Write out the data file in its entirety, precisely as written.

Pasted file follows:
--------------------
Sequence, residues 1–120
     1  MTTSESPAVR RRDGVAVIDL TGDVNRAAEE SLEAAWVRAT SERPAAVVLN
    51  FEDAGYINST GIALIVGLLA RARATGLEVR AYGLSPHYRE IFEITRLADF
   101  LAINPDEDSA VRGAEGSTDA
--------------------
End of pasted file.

Sequence, residues 1–120
     1  MTTSESPAVR RRDGVAVIDL TGDVNRAAEE SLEAAWVRAT SERPAAVVLN
    51  FEDAGYINST GIALIVGLLA RARATGLEVR AYGLSPHYRE IFEITRLADF
   101  LAINPDEDSA VRGAEGSTDA